Deaths caused by heroin overdoses more than doubled between 2010 to 2012, the Centers for Disease Control and Prevention said.
In a report released Friday, a study conducted in 28 states across the U.S. showed heroin overdoses increasing from 1,779 in 2010 to 3,635 in 2012. The report also shows a decrease in overdose deaths linked to opiate painkillers, which have dropped from 10, 427 in 2010 to 9,869 in 2012.
The numbers confirm a nationwide surge in heroin use, which has crossed gender, race and economic class barriers, the CDC said.
One explanation for the trend is that heroin has become a cheaper alternative for users already addicted to opiate painkillers.
NewsHour’s Jeffrey Brown spoke with Los Angeles Times reporter Sam Quinones about this issue in February.
Oxycodone is very, very similar — almost identical to heroin. The problem is that there is a black market in these pills now, because they have been so widely prescribed. There was a revolution in medicine in the United States back in the ’80s and ’90s that said these pills are nonaddictive ones prescribed to pain patients, chronic pain patients.
So we had this kind of rising sea level of pills all across the country. A very deep black market developed in which these pills now cost a dollar a milligram. Most of these pills come in 30, 40, 80 milligram doses. That means you are having to pay 30, 40, 80 bucks a pill, and a lot of people getting addicted. Their tolerance rises.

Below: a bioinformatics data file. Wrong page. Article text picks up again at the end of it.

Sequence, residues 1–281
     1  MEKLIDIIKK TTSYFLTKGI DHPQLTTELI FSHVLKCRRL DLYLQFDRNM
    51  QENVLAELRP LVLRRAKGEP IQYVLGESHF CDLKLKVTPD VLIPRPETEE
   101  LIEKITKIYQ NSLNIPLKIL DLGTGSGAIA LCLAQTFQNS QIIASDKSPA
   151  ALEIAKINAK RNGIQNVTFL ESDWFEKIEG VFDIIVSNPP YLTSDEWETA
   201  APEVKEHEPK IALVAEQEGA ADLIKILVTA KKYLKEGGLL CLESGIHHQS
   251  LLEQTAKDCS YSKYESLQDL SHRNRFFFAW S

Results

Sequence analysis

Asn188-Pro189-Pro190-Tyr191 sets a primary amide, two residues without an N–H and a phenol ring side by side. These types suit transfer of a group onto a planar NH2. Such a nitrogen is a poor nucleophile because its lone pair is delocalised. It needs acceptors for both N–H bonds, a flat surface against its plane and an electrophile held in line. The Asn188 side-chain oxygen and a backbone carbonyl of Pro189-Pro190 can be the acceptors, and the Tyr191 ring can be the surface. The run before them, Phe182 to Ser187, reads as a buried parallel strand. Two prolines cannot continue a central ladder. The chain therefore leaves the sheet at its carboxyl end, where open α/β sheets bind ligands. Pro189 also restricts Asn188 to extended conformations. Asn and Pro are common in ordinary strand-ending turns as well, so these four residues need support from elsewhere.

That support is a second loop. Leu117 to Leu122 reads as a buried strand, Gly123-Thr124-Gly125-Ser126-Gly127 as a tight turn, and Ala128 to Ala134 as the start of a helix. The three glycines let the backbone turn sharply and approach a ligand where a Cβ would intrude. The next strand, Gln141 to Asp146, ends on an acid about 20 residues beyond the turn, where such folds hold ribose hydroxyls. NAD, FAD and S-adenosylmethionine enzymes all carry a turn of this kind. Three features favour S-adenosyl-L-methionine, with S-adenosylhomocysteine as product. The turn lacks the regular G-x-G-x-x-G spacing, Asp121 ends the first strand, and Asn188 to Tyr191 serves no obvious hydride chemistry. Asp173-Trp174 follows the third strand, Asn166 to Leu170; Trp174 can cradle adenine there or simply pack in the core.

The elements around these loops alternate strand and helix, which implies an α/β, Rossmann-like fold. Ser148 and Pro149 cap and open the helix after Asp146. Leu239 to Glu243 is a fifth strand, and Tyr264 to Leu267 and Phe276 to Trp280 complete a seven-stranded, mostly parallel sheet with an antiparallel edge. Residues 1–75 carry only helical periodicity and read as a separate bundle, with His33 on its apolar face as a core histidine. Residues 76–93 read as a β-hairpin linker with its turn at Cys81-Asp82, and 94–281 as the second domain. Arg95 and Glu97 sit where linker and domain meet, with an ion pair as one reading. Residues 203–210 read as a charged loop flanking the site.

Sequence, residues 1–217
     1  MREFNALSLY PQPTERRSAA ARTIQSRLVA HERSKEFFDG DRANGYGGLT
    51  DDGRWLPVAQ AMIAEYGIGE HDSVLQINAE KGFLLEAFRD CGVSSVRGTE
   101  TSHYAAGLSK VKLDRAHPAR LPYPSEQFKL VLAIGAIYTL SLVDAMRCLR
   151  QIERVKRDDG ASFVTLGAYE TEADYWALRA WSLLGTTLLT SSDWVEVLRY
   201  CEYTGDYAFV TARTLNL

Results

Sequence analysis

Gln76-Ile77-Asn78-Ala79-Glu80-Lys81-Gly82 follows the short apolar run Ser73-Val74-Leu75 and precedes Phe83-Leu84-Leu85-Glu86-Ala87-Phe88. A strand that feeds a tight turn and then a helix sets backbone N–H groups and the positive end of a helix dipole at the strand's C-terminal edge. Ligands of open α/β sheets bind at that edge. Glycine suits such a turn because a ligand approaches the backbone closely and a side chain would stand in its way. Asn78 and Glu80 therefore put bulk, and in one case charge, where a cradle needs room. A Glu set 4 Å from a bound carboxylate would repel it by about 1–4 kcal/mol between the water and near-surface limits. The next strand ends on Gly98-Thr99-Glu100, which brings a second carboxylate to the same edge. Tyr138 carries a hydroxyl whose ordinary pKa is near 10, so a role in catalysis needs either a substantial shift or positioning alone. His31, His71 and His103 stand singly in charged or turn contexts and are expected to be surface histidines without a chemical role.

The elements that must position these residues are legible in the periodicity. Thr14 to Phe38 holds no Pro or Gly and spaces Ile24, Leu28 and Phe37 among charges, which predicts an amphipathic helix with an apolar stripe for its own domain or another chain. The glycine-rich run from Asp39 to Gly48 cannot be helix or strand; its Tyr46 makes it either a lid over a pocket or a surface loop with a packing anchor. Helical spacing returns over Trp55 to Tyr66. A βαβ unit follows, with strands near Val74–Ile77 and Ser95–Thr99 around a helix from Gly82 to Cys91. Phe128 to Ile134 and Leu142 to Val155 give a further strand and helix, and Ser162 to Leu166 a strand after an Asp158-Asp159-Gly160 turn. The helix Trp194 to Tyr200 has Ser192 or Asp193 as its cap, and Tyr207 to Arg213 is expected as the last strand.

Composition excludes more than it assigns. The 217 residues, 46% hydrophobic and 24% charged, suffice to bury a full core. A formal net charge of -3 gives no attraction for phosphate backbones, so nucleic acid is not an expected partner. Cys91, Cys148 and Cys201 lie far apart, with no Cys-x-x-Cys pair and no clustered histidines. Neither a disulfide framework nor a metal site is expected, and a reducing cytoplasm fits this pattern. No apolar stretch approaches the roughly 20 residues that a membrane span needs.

They cannot — they end up using three, four, five of these pills. I have met people who had $300-, $400-a-day addictions. Heroin comes in and it is a fifth to a 10th cheaper than that. And if you are already, a lot of these folks, getting addicted to the pills, have already begun injecting.
And when they start injecting, it’s kind of like you crossed the Rubicon in a sense. And so injecting heroin isn’t much different from injecting these pills. It just happens to be far cheaper.
Opiate pain killers, such as OxyContin, can range between $65 to $80 a pill when sold illegally, according to Connecticut Clearinghouse.
The street price in Chicago for a bag of heroin is $10, compared to 10 years ago when a less pure version of the drug ran anywhere from $50 to $150 per bag, TIME reports.
Also impeding public health efforts to curb heroin use are the addictive properties of the drug.
“People have to relapse six to eight, nine, 10 times before they’re actually able to kick the heroin habit,” Quinones told NewsHour.
“Once you start down that slope, it is very difficult. It also has this horribly mangling effect on the families surrounding the people who use it.”
Correction: The original version of this article misrepresented the CDC data of people who died from heroin overdoses from 2010 to 2012 in the United States. According to the CDC, there were 3,635 heroin overdose deaths in 2012, not 3,635 deaths per 100,000 people.